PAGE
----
Don’t Let Succession Issues Destroy the Relationship
We will periodically revisit some of Wicker Park Group’s most popular blog posts. This one, from November 2015, was one of last year’s most read posts.
“While our attorney conveys knowledge and supervises other attorneys, we don’t see a successor. But we don’t see one in any law firm. There is no incentive to do it.”
Succession planning is one of those recurring issues that Wicker Park Group hears about regularly while conducting client feedback interviews. Whether due to a closely guarded relationship or a simple lack of planning, too many clients have no idea who could possibly succeed their current relationship partner once that lawyer retires. As one client said, “If our relationship lawyer were hit by a bus, I don’t know who the next in line is.”
The challenges are not limited to succession planning, either. Any transition within the law firm or the company can cause the same serious problems—even the loss of the entire client relationship. Having a proper plan in place to address potential transitions is critical to the long-term success and growth of any relationship. Follow these tips to strengthen the relationship and ensure a smooth succession:
- Develop your firm’s talent. Require senior lawyers (possibly through incentives if needed) to share their relationships with less experienced partners and associates. It’s an opportunity to identify rising stars at the firm and showcase the firm’s broader talent for the client.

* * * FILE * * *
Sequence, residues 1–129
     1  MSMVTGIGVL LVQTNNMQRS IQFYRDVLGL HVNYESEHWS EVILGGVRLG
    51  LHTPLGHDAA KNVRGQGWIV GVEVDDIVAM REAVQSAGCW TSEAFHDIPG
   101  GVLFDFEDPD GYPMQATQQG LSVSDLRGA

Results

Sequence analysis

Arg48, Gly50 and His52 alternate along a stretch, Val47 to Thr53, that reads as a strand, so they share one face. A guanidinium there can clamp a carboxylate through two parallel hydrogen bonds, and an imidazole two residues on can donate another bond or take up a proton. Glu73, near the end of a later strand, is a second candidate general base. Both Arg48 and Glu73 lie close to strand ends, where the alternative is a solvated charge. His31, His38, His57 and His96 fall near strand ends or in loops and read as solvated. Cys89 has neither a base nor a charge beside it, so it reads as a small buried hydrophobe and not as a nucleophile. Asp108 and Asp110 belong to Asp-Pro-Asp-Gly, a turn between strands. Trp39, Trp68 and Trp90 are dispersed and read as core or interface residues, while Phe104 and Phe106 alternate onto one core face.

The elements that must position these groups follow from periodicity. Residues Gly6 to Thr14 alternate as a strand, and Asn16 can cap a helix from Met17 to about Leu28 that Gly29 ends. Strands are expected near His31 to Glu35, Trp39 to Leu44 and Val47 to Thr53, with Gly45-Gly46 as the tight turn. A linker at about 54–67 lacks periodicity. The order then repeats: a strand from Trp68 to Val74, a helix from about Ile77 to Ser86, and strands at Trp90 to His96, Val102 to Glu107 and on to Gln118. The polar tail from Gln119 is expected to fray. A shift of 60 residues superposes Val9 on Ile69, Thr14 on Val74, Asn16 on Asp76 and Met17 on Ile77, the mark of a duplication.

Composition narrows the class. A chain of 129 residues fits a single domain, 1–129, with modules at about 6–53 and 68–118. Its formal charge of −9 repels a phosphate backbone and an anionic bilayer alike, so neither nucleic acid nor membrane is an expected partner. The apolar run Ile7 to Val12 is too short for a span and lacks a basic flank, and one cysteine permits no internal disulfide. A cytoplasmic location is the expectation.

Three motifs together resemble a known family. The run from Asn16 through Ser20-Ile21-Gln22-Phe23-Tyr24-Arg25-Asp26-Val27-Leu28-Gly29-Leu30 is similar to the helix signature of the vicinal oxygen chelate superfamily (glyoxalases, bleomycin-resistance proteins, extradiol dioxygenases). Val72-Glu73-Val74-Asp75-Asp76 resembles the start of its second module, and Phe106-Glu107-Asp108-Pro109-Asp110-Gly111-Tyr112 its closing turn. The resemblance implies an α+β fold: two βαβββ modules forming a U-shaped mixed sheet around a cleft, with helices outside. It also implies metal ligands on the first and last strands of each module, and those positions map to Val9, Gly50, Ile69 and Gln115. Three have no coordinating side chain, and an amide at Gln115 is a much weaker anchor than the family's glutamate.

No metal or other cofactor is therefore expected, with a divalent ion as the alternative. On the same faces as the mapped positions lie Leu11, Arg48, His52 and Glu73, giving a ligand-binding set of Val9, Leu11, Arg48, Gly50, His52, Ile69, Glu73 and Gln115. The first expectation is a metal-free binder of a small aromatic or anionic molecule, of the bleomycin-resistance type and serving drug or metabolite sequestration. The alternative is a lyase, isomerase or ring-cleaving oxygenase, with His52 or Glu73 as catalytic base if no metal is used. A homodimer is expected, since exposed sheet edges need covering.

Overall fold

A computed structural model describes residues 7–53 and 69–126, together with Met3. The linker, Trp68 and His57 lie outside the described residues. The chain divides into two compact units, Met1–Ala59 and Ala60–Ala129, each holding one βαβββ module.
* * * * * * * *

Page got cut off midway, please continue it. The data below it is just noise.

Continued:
- Start “zippering” early and often. The successful and long-lasting client relationships have relationships at every level. Partner individuals at the firm with others from the company who have the same level of experience up and down the ranks of the organizations.
- Involve the client. Work with your client contacts to identify who they see at the firm as the best potential successors. If appropriate, use client feedback interviews as a chance to ask the important questions. Also, find out who at the client will likely take over management of the outside counsel relationships, and incorporate that person’s preferences into the plans.
- Have a proactive plan. A succession plan will not run smoothly if the conversations only begin in the months or year leading up to a retirement or departure. Consider setting a specific age when lawyers must address succession in their more important relationships.
- Build discussions regarding transitions into annual reviews. Take the opportunity to step back every year and assess the relationship. Discuss what has worked and what may need adjusting. Discuss how potential future changes and transitions may impact support and what the client and firm can do to mitigate uncertainty and pain around the transition.
- Get multiple perspectives at the firm. While the key players might not openly discuss the planning across client teams, try to get the insights of more than just the managing partner and relationship partner. More insights lead to a greater understanding of the broader relationship and a greater sense of team unity.
- Share best practices and catalog them internally. One of our favorite clients recently interviewed their top 25 rainmakers to find out what practices and processes they use to grow and deepen their best relationships. Then they cataloged it and shared the ideas with everyone. While one size fits one, it is nice to have a document full of suggestions to consider.
- Praise and showcase those handling transitions well. If you have lawyers or teams who have handled succession planning or transitions particularly well, consider interviewing and videoing the team to learn about their process and sharing it with others. Send them on a firm roadshow to discuss their actions and let others hear about successful transitions.
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